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Gerry Ledford

I did some research on this topic when I was at Sibson Consulting, using a database we collected from a random sample of the U.S. workforce. The generational differences that we found were entirely accounted for by age, not the era in which people were raised. Older employees care a lot about health care and retirement benefits. Younger workers don't, because they still think they are immortal. Those most concerned with careers are middle-aged. Younger workers want to be taken seriously because they fear they aren't by their elders. Etc.

I once was interviewed by a reporter from Fortune who was doing the umpteenth new story on how the current generation is really new and different from all that have come before it. I told her that I had been reading the same story my entire adult life, although the words had changed a bit. I said that these stories always seemed to be written by eager 26-year-old reporters who were just rediscovering what we called "the generation gap" in the '60s. There was dead silence on the other end of the line. Uh-oh. I said, are you a 26-year old reporter? Bingo. The story went to print about how the next generation at work was really, really different, with the reporter using herself as an example. Needless to say, I was not quoted in the piece.

If you are an old fart and you want to know what 20-somethings are thinking, just remember what you were thinking at that age. Doesn't matter whether they were raised in war or peace, recession or expansion, with one parent working or two. Their concerns are same that yours used to be. And they aren't ever going to get you until they grow up, because 20-somethings haven't had the life experience to know what goes through the mind of a 60-something. That's the way of the world.

Bob Sutton


I appreciate the comment but have a different perspective. The assumption you are making that somehow things were more stable and slow moving than in the past is exactly the one that I am questioning later in the piece (see the complete fast company excerpt). As pointed out in Beyond the Hype, the so called stable periods in last 100 years or so include the enormous impact of planes, telephones, radios, TVs and cars, build up for World War I, Prohibition, the great depression, the build up and shocking changes in World War II, the men all coming home, the cold war, the end of the cold war, the sexual revolution, the Vietnam war and societal fractures associated with that... the assumption that anything was stable -- industries, social norms, international relations, economic progress -- doesn't not square with the evidence.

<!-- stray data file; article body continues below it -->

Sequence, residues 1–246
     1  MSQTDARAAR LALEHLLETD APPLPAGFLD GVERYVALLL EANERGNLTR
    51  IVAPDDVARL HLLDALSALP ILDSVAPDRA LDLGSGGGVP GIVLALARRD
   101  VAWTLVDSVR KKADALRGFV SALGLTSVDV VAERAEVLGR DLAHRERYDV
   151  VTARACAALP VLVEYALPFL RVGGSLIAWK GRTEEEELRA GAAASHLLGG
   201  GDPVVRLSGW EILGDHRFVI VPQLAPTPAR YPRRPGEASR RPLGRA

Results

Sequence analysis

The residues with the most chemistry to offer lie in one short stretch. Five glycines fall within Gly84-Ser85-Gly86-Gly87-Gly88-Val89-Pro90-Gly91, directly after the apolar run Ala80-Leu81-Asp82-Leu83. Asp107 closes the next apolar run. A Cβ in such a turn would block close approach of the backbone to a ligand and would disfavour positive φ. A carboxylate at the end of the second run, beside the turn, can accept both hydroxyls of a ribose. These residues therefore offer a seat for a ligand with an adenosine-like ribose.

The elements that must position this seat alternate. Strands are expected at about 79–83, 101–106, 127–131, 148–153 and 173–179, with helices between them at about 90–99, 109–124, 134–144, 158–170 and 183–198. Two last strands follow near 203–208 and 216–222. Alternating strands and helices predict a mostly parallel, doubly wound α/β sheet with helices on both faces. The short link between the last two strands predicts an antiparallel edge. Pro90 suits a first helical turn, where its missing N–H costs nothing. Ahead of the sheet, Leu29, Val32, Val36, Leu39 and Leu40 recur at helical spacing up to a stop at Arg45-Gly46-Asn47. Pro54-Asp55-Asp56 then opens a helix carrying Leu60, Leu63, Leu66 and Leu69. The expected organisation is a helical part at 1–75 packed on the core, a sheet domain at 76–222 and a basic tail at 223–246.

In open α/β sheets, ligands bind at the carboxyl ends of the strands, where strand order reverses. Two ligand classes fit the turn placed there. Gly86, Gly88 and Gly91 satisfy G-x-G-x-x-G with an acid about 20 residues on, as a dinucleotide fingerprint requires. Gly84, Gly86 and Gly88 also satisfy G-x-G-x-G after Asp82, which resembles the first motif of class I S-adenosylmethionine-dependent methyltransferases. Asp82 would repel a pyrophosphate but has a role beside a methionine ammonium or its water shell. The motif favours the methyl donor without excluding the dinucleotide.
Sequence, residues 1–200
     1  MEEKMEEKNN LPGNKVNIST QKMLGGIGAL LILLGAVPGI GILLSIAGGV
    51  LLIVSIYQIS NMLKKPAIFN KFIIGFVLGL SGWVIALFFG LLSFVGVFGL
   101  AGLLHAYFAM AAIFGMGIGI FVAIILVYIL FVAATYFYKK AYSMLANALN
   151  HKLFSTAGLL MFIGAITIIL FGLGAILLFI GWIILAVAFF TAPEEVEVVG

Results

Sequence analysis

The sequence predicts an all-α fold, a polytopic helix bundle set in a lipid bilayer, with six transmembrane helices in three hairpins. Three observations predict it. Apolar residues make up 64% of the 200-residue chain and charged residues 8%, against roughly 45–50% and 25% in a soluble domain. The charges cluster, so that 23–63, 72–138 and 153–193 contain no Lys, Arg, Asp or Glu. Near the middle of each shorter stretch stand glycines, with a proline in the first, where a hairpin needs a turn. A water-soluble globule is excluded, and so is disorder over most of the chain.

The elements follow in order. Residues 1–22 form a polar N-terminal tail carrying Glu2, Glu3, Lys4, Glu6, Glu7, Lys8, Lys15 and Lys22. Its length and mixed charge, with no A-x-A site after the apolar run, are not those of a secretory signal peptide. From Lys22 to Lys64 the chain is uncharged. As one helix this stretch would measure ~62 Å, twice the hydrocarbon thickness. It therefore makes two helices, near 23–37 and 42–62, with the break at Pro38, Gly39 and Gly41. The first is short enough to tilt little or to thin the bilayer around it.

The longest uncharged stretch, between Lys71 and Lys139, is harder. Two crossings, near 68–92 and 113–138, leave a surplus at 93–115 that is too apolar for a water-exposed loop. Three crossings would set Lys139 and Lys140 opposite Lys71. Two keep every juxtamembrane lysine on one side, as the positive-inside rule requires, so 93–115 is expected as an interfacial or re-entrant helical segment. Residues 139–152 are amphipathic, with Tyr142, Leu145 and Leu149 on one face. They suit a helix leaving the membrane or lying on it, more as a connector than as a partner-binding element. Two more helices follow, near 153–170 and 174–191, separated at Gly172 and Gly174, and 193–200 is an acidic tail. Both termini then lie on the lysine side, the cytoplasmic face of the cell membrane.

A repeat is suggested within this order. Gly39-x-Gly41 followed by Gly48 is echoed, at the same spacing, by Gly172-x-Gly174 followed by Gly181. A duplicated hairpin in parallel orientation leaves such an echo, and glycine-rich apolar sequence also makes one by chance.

Ronald C. Burkhardt

One more thought - what we typically think of with boss is more managing than leadership. I always say it like this - "Management is about the allocation of scarce resources. Leadership is about hearts and minds". Management is no longer enough (was it ever)?

Rod Johnson

Absolutely, everything changes - yet it also stays the same. I tell everyone of my clients early on two simple facts that never change.
1. You're in the psychology business!
2. All decisions are personal.

Yes, things have shifted and possibly changed over time. But from this I will make a simple prediction.

"We will always be in search of 'the secret sauce.'"


You make an interesting point here. I do think that much of the Gen X and Gen Y differences are overstated. At a high level good leadership skills will work for any generation. I think that perceived differences between generations in the work place have more to do with the pace of changing corporate culture and technology, and how these changes impact employees of different ages, than any fundamental differences in the employees based on their generational status.

Ronald C. Burkhardt

The greatest shift IMHO is the shift from long-term rewards to short term gains. That and the rise of the knowledge worker, age, and economy.

The GenX/GenY arguments seem to take place in a vacuum and not take into account that workers have less loyalty because employers make little long-term investment in their workers. We have jobs now, not careers. You get the loyalty you give. Also, the "constantly needing praise" whine about younger workers is ignorant; your workers want feedback, not praise. Engagement.

Most of the research on organizations is from the Industrial Revolution era forward. This era focused on incremental improvements and the occasional innovation, which I guess trended towards statism. We are now in a disrupt or be-disrupted stage, which may be incompatible with the industrial age management theory.

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